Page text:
and:

    "If you check your module list, either on the phone or with javaloader, you see all modules. A 'hidden' application would be a system module, but still visible in the module list."

    Could someone please provide in layman's terms the steps for doing this?
    12-02-11 04:25 PM
  13. ToREy_BLaST93's Avatar
    As long as my Crackberry &+ music files are safe from being monitered I'm content

    Posted from my CrackBerry at wapforums.crackberry.com
    12-02-11 04:27 PM
  14. Blacklac's Avatar
    Intersting discussion:

    Re: Does CarrierIQ run on BlackBerry devices? - BlackBerry Support Community Forums

    From Page Two:

    "On BlackBerry, third party applications can only capture keystrokes when they are in the foreground (their screen is shown)." --Mark Sohm, BlackBerry Development Advisor

    and:

    "If you check your module list, either on the phone or with javaloader, you see all modules. A 'hidden' application would be a system module, but still visible in the module list."

    Could someone please provide in layman's terms the steps for doing this?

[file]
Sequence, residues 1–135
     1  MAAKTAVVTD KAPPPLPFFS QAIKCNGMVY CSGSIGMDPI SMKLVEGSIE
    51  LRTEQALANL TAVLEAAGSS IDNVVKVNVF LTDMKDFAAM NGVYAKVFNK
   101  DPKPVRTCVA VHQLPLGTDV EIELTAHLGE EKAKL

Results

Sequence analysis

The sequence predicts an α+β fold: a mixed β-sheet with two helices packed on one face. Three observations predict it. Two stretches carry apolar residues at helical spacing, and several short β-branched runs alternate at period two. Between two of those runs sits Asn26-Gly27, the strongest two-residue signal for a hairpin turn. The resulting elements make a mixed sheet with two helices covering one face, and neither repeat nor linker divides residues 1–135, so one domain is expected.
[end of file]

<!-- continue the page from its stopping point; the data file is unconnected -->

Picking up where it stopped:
I'm only on OS5, but I think he means Options-Applications-Menu-Modules.

    Edit: Is it safe to assume it can't be a "net_rim_" module?
    Last edited by Blacklac; 12-02-11 at 04:54 PM.
    12-02-11 04:51 PM
  15. T
    I'm only on OS5, but I think he means Options-Applications-Menu-Modules.

    Edit: Is it safe to assume it can't be a "net_rim_" module?
    Thank you for this. I'm looking through mine, and there are certainly a lot of modules to go through. In mine, there is none named "carrier" or containing "IQ," but there are ones named "diagnostic." Those are "net_rim" modules, and I don't know the answer to what you've asked as far as that's concerned.

    It's important to note that the second quote I included is not from the same person (the BlackBerry advisor from the first quote) rather from another participant. Therefore, I don't know if the suggestion of looking at the modules would even decisively determine whether or not Carrier IQ or something similar is on a BlackBerry, but it's probably a good place to start.
    12-02-11 05:05 PM
  16. Blacklac's Avatar